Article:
Schulke O.,University of Gottingen |
Walter L.,Leibniz Institute For Primatenforschung
American Journal of Primatology | Year: 2014
The major histocompatibility complex (MHC) plays an important role in the immune response and may thus crucially affect an individual's fitness, relevant also for studies on evolutionary ecology and wildlife conservation. Detailed knowledge on the genomic organization, polymorphism and diversity of the MHC has a narrow taxonomic focus though and among macaques is only available for rhesus and long-tailed macaques-the species most commonly kept for biomedical research. The lack of data on wild populations is largely due to the difficulty of obtaining blood or tissue samples necessary for genotyping approaches. Here, we aimed at analyzing MHC-DRB from non-invasively collected fecal samples in wild Assamese macaques (Macaca assamensis), utilizing the MHC-DRB-STR (D6S2878) microsatellite marker. Due to the fecal DNA source incomplete genotypes occurred, which may be improved in the future by method refinement. We detected 28 distinct DRB-STR lengths in 43 individuals with individual genotypes containing 1-9 MHC-DRB-STRs and defined four haplotypes segregating between families in Mendelian fashion. Our results indicate that variability and diversity of MHC-DRB in Assamese macaques is comparable to that of other macaque species and importantly, that fecal samples can be used for non-invasive analysis of MHC genes after refinement of the applied methods, opening a number of opportunities for MHC research on natural populations. Am. J. Primatol. 9999:1-9, 2013. © 2013 Wiley Periodicals, Inc.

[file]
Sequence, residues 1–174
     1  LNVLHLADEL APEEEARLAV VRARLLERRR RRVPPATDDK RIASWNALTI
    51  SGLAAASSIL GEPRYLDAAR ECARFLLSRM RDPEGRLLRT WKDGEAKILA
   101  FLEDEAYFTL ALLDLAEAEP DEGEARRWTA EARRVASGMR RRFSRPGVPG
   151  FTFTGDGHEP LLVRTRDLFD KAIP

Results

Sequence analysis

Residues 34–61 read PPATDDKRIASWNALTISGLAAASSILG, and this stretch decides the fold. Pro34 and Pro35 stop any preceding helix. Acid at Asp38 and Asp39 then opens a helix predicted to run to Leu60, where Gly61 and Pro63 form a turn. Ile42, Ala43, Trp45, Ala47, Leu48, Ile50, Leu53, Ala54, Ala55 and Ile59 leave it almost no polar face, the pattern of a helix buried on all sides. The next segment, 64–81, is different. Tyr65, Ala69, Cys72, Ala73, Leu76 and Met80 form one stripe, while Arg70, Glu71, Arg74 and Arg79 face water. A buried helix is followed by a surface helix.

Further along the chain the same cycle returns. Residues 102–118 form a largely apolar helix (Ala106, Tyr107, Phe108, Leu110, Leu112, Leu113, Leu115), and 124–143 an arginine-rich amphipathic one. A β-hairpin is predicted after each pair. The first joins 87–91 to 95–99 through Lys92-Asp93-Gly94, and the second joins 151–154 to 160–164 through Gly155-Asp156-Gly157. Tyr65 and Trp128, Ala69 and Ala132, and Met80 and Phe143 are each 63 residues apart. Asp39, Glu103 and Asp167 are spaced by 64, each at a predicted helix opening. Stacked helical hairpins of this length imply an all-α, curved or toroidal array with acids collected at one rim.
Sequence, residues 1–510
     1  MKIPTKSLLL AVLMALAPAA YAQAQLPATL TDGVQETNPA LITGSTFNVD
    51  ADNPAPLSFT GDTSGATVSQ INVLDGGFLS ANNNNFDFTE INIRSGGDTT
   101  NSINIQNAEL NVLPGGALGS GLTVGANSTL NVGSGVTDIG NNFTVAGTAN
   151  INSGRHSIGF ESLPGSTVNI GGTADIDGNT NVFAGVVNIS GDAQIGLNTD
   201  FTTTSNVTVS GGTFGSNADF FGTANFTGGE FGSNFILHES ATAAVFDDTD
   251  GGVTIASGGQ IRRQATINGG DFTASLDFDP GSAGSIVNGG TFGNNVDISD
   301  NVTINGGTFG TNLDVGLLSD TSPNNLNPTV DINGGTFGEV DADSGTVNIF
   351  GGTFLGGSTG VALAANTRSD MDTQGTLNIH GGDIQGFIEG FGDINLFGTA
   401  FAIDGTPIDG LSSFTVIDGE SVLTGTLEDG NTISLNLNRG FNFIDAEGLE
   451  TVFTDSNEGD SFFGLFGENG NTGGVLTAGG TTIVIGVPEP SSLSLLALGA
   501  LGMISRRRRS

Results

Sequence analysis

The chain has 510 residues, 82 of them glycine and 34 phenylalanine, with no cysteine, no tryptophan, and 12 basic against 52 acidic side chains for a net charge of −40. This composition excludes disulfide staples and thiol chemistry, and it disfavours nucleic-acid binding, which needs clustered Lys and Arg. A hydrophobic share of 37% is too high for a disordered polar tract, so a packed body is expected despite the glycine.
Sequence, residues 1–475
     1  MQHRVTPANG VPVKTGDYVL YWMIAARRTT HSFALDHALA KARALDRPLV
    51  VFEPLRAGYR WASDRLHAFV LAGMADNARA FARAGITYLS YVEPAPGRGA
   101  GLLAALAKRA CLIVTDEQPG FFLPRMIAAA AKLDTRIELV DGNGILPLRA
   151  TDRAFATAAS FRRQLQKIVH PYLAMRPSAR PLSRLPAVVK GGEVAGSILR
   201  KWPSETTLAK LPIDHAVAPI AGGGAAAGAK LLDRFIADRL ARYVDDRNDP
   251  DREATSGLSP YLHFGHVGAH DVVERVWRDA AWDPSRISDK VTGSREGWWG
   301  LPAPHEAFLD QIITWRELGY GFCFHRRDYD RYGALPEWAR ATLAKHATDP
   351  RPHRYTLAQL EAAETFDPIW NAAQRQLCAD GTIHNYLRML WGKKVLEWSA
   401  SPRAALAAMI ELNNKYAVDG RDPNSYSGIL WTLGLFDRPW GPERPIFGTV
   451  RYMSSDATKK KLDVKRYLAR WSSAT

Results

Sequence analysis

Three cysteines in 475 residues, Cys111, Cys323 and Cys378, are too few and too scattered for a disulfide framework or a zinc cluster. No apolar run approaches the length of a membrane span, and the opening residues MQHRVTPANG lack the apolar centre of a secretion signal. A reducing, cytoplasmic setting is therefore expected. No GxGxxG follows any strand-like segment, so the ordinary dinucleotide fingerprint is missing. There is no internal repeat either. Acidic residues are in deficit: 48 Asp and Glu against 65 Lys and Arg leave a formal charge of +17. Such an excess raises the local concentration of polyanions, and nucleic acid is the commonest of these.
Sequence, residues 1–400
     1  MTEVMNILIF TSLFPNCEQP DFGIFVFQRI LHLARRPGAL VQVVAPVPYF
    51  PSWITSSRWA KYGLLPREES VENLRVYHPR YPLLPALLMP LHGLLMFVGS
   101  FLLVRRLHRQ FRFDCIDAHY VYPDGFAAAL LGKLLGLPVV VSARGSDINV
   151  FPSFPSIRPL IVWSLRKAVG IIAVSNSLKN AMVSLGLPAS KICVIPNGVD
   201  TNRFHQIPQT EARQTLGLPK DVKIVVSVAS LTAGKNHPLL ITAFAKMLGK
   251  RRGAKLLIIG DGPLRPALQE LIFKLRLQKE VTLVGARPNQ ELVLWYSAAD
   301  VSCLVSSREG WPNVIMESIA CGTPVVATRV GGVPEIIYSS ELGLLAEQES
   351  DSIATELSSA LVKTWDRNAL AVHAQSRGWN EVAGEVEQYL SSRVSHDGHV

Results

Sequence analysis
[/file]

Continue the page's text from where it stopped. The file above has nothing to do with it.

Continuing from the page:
Walter L.,Leibniz Institute For Primatenforschung
Journal of Innate Immunity | Year: 2011
Human natural killer (NK) cell receptors are known to be highly polymorphic, to show complex genetics and to be associated with susceptibility to a variety of immunological diseases. Nonhuman primates are used as important models of these diseases, yet the knowledge of nonhuman primate NK cell receptors and ligands is not as advanced as in humans. Recently published data indicated that diversity and polymorphism of NK cell receptors are similar between nonhuman primates and humans. Comparative genomics revealed instructive insights into the evolution and function of primate NK cell receptor genes and contributed to the understanding of how present-day NK cell receptors and their ligands have evolved. Here, I review the current knowledge of nonhuman primate NK cell receptors that interact with major histocompatibility complex class I proteins. Copyright © 2011 S. Karger AG, Basel.
Zinner D.,Leibniz Institute For Primatenforschung |
Roos C.,Leibniz Institute For Primatenforschung
BioSpektrum | Year: 2013
In contrast to plants, natural hybridization in primates (and other animals) was believed to be a marginal phenomenon, which in most cases led to an evolutionary "dead end". Recent molecular studies, however, provide strong evidence that hybridization occurred in all major primate lineages regularly - even in the human lineage. These findings broaden our understanding of evolutionary process of speciation and may also be of particular relevance for the use of primate models in biomedical research. © 2013 Springer-Verlag Berlin Heidelberg.
Petersen B.,Leibniz Institute For Primatenforschung |
Walter L.,Leibniz Institute For Primatenforschung
BioSpektrum | Year: 2016
Natural killer (NK) lymphocytes kill infected and tumorous cells. A balance of stimulatory and inhibitory receptor signals determine their activity. The most important NK cell receptors are the polymorphic killer cell immunoglobulin-like receptors (KIR), which bind to HLA class I molecules on target cells. The enormous genetic and genomic diversity of the KIR/HLA system influences the susceptibility to various diseases. Here, we will give an overview of this system and its impact on HIV infection. © 2016, Springer-Verlag Berlin Heidelberg.